WHAT IS 'Incremental Tax'

Incremental tax describes a tax system in which the tax percentage that a person pays increases based on their income level. In an incremental tax system, those with higher incomes pay a larger portion of the taxes collected by the state, and therefore contribute more to a state’s revenue than those with lower incomes.

In an incremental tax system, income levels are sorted into brackets. People often refer to being in a certain tax bracket. Each bracket pays a different percentage of their gross income to the government.

BREAKING DOWN 'Incremental Tax'

Incremental taxes can make a wage increase or profitable investment less profitable than it might seem at first. However, the tax code is structured to make it almost impossible for a person to lose money by creeping into a higher tax bracket.

For example, an  individual may earn $38,000 per year through a salaried job. That income level puts them in a tax bracket that contains individuals who gross between $9,526 and $38,700 per year. In that tax bracket, this person is required by the IRS to pay $952.50 plus 12 percent of any amount over $9,525, which in this case is $3,417. So, $952.50 plus $3,417 equals a total of $4369.50 that this person must pay in taxes.  After paying their taxes, they will have netted $33,630.50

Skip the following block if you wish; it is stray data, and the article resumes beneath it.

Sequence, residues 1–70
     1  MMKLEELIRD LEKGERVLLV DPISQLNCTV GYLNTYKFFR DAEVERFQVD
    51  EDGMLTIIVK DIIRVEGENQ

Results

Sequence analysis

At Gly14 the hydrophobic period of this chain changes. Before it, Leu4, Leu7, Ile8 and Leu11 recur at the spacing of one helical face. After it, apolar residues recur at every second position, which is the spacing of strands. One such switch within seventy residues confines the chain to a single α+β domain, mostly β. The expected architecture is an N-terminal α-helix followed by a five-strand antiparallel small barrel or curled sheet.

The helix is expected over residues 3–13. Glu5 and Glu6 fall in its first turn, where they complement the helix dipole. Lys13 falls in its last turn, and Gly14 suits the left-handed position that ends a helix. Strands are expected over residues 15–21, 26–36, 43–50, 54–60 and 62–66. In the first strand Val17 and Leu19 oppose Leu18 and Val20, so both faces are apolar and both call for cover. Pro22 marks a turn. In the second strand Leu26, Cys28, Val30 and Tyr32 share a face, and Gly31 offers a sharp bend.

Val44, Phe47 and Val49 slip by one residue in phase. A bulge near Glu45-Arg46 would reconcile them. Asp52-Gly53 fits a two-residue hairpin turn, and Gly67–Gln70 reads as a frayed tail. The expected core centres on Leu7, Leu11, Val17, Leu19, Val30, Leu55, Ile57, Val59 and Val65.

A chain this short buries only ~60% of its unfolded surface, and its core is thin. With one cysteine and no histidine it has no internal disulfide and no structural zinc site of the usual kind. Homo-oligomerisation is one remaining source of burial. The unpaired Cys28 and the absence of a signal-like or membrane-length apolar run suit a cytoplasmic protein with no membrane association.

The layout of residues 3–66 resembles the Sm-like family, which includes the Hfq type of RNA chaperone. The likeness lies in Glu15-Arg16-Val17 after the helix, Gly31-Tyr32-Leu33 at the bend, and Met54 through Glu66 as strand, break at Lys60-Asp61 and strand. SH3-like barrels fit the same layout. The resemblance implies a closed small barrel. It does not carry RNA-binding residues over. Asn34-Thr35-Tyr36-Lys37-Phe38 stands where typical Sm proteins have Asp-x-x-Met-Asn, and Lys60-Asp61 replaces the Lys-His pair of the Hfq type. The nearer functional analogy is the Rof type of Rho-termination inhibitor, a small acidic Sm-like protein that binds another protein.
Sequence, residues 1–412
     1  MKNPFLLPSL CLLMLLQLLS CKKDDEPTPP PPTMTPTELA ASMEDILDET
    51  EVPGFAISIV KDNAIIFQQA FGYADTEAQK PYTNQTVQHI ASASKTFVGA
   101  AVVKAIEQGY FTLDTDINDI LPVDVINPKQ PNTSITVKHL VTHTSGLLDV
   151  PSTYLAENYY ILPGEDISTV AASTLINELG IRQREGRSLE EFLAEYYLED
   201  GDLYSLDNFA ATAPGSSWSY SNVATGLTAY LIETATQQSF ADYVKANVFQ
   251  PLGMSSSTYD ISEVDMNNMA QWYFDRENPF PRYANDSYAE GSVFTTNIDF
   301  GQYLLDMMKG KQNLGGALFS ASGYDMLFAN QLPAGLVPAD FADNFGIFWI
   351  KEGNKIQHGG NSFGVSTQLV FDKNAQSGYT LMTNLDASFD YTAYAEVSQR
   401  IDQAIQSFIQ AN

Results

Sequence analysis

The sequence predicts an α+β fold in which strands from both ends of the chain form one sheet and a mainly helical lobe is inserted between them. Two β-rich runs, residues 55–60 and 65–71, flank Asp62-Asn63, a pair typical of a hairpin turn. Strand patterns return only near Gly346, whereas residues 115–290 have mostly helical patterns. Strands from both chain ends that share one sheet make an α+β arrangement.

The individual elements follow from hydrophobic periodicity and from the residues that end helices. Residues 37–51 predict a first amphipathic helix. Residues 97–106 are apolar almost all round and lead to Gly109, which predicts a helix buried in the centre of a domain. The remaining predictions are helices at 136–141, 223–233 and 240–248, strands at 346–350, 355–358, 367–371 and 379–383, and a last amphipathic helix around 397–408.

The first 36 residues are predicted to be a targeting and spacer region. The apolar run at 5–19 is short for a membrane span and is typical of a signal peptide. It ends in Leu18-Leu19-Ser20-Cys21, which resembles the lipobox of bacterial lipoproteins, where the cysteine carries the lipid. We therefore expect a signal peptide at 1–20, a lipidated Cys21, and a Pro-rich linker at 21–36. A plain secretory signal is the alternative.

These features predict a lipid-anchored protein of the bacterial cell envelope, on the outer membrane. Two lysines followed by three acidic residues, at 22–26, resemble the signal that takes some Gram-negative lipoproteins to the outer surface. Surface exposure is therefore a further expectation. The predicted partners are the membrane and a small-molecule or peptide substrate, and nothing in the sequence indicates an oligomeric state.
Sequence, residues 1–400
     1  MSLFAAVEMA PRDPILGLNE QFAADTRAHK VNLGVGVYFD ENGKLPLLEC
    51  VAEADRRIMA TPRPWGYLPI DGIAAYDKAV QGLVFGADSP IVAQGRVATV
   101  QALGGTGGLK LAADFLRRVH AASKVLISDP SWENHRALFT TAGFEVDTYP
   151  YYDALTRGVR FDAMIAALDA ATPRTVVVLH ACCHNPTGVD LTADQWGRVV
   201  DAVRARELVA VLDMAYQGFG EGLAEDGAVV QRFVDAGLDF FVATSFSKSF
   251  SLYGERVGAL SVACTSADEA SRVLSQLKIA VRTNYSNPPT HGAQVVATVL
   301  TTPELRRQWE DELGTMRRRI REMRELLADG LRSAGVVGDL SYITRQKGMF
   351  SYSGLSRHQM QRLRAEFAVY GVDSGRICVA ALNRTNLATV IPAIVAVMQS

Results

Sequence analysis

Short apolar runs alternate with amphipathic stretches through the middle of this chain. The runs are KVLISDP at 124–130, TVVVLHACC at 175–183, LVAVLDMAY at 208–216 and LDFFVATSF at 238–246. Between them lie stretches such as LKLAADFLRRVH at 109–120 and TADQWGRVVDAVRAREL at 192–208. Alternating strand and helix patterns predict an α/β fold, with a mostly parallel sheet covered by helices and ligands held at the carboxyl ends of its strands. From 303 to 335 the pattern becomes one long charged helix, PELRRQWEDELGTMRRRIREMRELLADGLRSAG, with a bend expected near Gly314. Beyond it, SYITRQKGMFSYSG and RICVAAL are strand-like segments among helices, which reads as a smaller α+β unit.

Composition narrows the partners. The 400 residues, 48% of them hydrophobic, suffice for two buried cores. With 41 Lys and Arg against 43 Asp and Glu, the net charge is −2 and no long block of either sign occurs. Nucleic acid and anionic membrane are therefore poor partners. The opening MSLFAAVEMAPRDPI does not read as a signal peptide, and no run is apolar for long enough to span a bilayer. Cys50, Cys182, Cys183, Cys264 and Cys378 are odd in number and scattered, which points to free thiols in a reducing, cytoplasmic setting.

This person may decide that they want to earn some extra money through a second job. If they take on another part-time job and through that job earn an extra $2000 per year, they now fall within a new tax bracket because they earn $40,000. This bracket contains individuals who gross between $38,701 and $82,500. In this bracket, the individual must now pay a tax of $4,453.50 plus 22 percent of the amount over $38,700, which in this case is now $286. The total tax they now owe is $4519.50. After paying taxes, they will have netted $35,260.50. They are still netting more money with a small increase in income, despite being in a new tax bracket.

It is important to note that this example does not account for deductions, including the standard deduction, which also effect the amount of tax that a person pays when filing their tax returns.

Changes in the Tax Code

In late 2017, the U.S. government passed the Tax Cuts and Jobs Act, which included a thorough overhaul of the U.S. tax code. Many aspects of the tax code were changed through this act, including tax brackets and amounts of standard deductions.

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